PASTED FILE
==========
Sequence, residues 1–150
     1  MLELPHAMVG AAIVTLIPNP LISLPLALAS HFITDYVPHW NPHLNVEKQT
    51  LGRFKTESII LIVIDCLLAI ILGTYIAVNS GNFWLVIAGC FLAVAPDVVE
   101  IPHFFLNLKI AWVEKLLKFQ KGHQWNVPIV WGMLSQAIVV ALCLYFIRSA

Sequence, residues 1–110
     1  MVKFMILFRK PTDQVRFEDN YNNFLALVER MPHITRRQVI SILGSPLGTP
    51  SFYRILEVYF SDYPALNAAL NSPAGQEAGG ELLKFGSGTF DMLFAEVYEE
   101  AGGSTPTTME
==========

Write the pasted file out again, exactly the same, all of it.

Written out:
Sequence, residues 1–150
     1  MLELPHAMVG AAIVTLIPNP LISLPLALAS HFITDYVPHW NPHLNVEKQT
    51  LGRFKTESII LIVIDCLLAI ILGTYIAVNS GNFWLVIAGC FLAVAPDVVE
   101  IPHFFLNLKI AWVEKLLKFQ KGHQWNVPIV WGMLSQAIVV ALCLYFIRSA

Sequence, residues 1–110
     1  MVKFMILFRK PTDQVRFEDN YNNFLALVER MPHITRRQVI SILGSPLGTP
    51  SFYRILEVYF SDYPALNAAL NSPAGQEAGG ELLKFGSGTF DMLFAEVYEE
   101  AGGSTPTTME